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News article: Severe drought threatens prized coffee crops in Colombia, farmers say

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  • News article: Severe drought threatens prized coffee crops in Colombia, farmers say

    Severe drought threatens prized coffee crops in Colombia, farmers say - ABC News (Australian Broadcasting Corporation)

    Coffee growers in the Colombian Andes say a drought caused by the El Nino weather phenomenon is threatening their crops, some of the world's most prized coffee beans.
    Raul Fajardo, 56, who grows coffee beans on the slopes of the Galeras volcano, fears the harvest "is about to be lost".
    "We farmers are in total despair," he said.
    His four-hectare estate is one of many in Narino, south-western Colombia, certified as a top coffee-producing region for its mellow-tasting, fine-smelling produce.
    Surveying his plantation, Mr Fajardo said a recent water shortage was "stressing" his coffee plants.
    The stalks have flowered and could yield a record crop, but they need more rain to do so.
    "It has been nearly six months and they forecast it will be like this for five months more," Mr Fajardo said.
    "That would ruin farmers in this region."
    Farmers say coffee from Narino "is the best in Colombia" because the extra hours of sunlight means a higher concentration of sugar in the grain.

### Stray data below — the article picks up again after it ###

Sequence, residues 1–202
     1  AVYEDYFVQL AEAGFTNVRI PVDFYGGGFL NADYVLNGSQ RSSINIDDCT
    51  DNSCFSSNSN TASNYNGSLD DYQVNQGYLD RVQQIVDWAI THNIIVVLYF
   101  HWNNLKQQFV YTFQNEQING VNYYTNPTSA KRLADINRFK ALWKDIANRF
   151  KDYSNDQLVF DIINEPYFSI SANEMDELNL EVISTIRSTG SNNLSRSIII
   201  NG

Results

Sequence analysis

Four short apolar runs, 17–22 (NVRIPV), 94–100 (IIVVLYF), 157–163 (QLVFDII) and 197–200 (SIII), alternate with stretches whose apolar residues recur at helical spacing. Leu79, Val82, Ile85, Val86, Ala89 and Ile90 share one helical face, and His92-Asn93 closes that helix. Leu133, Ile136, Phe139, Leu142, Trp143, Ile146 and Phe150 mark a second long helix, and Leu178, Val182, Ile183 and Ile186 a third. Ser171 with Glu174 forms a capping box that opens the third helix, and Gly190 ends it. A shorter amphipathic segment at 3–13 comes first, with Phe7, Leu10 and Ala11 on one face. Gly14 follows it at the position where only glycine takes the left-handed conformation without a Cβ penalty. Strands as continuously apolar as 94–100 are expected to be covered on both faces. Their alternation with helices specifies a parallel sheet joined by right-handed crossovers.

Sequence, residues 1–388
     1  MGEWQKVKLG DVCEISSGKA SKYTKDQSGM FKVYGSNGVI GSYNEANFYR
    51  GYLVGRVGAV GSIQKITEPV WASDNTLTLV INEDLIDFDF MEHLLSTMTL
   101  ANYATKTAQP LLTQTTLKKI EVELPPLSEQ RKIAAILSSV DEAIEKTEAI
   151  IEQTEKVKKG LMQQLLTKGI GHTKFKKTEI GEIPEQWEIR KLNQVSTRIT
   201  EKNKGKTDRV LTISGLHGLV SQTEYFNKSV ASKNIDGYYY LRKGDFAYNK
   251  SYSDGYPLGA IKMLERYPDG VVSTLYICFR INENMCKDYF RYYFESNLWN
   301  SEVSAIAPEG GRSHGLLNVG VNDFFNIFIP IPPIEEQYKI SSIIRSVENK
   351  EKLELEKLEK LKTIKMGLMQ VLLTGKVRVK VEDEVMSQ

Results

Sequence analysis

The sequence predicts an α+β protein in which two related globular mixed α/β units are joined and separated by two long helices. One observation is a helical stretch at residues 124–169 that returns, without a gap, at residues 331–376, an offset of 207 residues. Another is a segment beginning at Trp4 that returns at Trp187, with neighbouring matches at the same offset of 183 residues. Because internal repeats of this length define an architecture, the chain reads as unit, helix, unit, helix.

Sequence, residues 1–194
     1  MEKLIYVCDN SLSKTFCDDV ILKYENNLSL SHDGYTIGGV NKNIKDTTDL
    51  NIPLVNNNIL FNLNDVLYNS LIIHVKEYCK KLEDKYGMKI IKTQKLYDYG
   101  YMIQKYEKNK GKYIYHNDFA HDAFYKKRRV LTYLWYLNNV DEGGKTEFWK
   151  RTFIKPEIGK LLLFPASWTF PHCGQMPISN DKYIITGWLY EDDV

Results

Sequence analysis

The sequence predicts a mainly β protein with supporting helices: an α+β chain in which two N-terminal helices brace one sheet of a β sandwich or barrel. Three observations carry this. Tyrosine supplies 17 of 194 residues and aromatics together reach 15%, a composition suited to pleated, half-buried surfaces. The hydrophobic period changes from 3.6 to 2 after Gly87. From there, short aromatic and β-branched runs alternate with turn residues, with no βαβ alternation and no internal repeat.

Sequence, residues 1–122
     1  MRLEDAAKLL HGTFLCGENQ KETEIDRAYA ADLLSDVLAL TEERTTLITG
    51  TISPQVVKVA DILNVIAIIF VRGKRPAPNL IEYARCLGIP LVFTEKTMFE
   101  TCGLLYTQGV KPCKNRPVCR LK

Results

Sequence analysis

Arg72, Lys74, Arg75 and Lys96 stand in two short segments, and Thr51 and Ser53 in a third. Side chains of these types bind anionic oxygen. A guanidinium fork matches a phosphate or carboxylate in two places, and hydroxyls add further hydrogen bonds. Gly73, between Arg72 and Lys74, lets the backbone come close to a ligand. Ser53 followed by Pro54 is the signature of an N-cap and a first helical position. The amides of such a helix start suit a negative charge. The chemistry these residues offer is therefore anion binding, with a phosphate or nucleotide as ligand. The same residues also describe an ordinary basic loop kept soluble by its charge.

But extreme weather is making it an ever-greater challenge to keep producing the beans for the world's cafes.

    Authorities say it is likely to worsen as of December and could last until June next year.
    The unusually warm temperatures caused in the Pacific waters around the equator by El Nino typically lead to less rain in South America, and this year have caused a severe drought in Colombia.

    "The worst is yet to come. The critical months will be December, January and February," Colombian environment minister Gabriel Vallejo said.
    Some regions, including the Andes, are suffering a 60 per cent decrease in rainfall, according to the state environmental institute IDEAM.
    "We are being hit hard by this long summer," said Gilberto Diaz, another farmer in Narino, who has been working in the coffee business for 30 years.
    "Around here there are estates of just a few hectares. It is all very basic and there are no irrigation systems.
    "We are having to bring water up from the gorges, and there is very little left."

  • #2
    How long does it take before a South American drought effects the price of South American green beans in Australia? Maybe it already has...
    I love my Columbian - I love it even more now, after reading this news, knowing that I have 11+ kg sitting at home !


    • #3
      The ABC.
      Gotta love it....
      Non biased,
      Politically correct,
      Excellent value for money return to the Australian taxpayer....

      Hmm, my medication must be wearing off.